Sealock Holmes and the Trident of Neptune
Dr. Flotsam slowly worked himself up the stairs to Sherlock Holmes’ flat on a hot sticky morning in August. He stopped to catch his breath on the landing. "Too many of those damned cigars!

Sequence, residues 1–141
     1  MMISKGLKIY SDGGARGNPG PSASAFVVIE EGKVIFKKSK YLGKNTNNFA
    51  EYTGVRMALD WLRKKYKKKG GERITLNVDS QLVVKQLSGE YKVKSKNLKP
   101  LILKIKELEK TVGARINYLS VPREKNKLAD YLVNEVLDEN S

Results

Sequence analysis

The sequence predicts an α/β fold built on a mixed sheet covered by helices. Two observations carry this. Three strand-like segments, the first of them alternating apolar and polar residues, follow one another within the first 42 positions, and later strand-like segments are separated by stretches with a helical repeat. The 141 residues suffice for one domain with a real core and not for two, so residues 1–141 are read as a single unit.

He thought to himself. He tapped the door with his cane and walked into those familiar rooms overlooking the Harbor in New London. He found Holmes standing over his dining room table strewn with books of ancient Greek and Roman Mythology from his extensive library. “Holmes! What are you up to now my dear man? Thinking of touring Rome or the Greek Islands again?” “No, Dear Doctor. That would be a pleasure that, at the present, I have little time for. Right now I need to put all my powers into solving a recent murder of an unknown victim that some are attributing to the “Ruler of the Seas.” The ancient Greeks called him “Poseidon” and the Romans, who stole all the Greek Gods, renamed him”Neptune”. “So, my man, how do all these pictures of mythological Gods pertain to this murder, or do you intend to keep me in suspense? I dare say, Holmes, you seem to enjoy keeping me wondering.” “Sorry, my dear Doctor. My apologies. I admit sometimes I get lost when focusing and ignoring everything around me. It seems the locals have taken to blaming this mysterious death on King Neptune. If you look at these pictures of the crime the constable gave me you will notice the body has three evenly spaced stab wounds in his chest. In the pubs, they are saying that King Neptune himself was seeking revenge on this poor fellow by using his three pronged trident spear. Look at these old prints of Greco-Roman statues of Neptune. See how every statue is holding a three pronged spear. That spear is called a “Trident”. Now, closely examine the pictures of the body. Do you notice any clues, my good man?” “Well Holmes, It is obvious to me that these mortal wounds could have been achieved by Neptune’s trident. I must admit my common sense tells me that Neptune is a mythical deity that most modern men don’t believe in. But to those who live off the sea? Well, you and I know they hold their legends quite close.” Holmes looked perplexed at his old friend. “Doctor! As a man of science, your assessment surprises me. You have completely missed the obvious. Look at the large spaces between each of the forks and points of the ancient tridents. Notice they are approximately five inches apart. Obviously, a trident was meant to be a lethal weapon. They were even used in gladiatorial combat in Rome’s great coliseum. Now, look at the pictures of the victim. Those wounds are only an inch apart. This was no Neptune’s trident my friend. This was done by something much more common to the folks who make their living on the water. I will prove it to you doctor by treating you to lunch”! “Holmes! I can’t wait. You never cease challenging me! As they stepped out of the house, Holmes made a beeline to New London’s infamous “Blakely’s Fishery and Pub where every fisherman, sea scow captain and salty sea hand and their mermaids consumed intoxicating grogs and greasy food. Holmes and the Doctor sat in a booth and when Old Annie came to take their order, Holmes took her aside and whispered in her ear. She made a beeline for the kitchen, and fifteen minutes later returned with two tankards of stout and two bowls of greenish stew with stale bread. Doctor Flotsam immediately reacted. “Holmes! What is the meaning of this! Eel stew??? You know how I hate eels! This is what you call lunch??? “No Doctor. This is what I call a strong clue towards solving this murder. Drink your stout comrade. The clue is in the stew!” Flotsam drank but continued his perplexed look as he stared into the slimy stew for answers. Finally, Holmes decided to end the Doctor’s befuddlement. “How do they catch eels, my good man,” said Holmes. “Why they catch them in eel pots or spear them” the Doctor replied. They both looked up at the same time as the Doctor exclaimed “An eel spear! That’s the weapon! Three shafts and points close together! Why I’ve watched fishermen use them a thousand times! Holmes, you are a clever man.” Holmes paid the tab. They walked down to the New London waterfront where lips were usually kept tightly closed. As they walked they examined clamming, scalloping, oyster dredge and some larger ocean cod and tuna boats. Towards the end of the sea wall, they spied an unfamiliar boat in seedy condition. As they came closer they noticed that lying on its deck were several old rusted eel spears. When they asked around the general opinion was that this boat was a new arrival from somewhere else and that the master of the vessel seemed anxious and unfriendly. Holmes went to get on the boat for a closer look when a menacing bearded man jumped from the cabin and grabbed one of the spears and pointed it straight at Holmes’ chest. “Calm Down, Dear Man,” said Holmes “Nobody boards my boat!” said the obviously stressed man. “Folks who get nosey don’t tend to live long, “He said in a sneering voice. Holmes persisted. “I am here to inquire where you come from my friend and what you expect to do in New London. The man began to relax a little. “I am from Mattituck, across the Sound” I am here to see the constable and report a tragic accident but I have been holed up in my cabin mourning the loss of my brother. I have not had the strength of mind to go and see the constable yet. I am tired and at my wit’s end, forgive me for being so out of sorts but my sorrow has gotten the best of me. Holmes and Flotsam listened closely and watched his tears falling from his eyes. “We were eeling together when a quick storm came up. My brother rushed towards the bow to throw out an anchor as the waves began tossing us furiously. He tripped and one of the eel spears struck him in the chest. I rushed forward and quickly pulled it out but I could see he was done for. As I stood there in shock, a giant wave crashed upon us and his body was thrown into the sound. I have been searching for him for days. I cannot go home to my mother without my brothers remains to bury him with our long gone father.” At that point, the man dropped the spear and fell to his knees on the deck crying and sobbing like a child. Both Holmes and the Doctor then boarded the boat and held the man in their arms. Eventually, the Doctor went and returned with the constable. He told him his brother’s body was found and then sent him to Mrs. Amstead’s Boarding House to rest. A few days later the constable got together a crew to tow the eeler’s boat back across to Mattituck with the two brothers on board. Sadly, one was in a beautiful maple casket paid for by Holmes and Dr. Flotsam. As they watched the boats disappear in the distance, Holmes turned to the good doctor saying “Not all mysteries are crimes, my Dear Doctor. Sometimes they turn out to be innocent tragedies!” He lit his pipe and the wind took the smoke in the direction of Mattituck.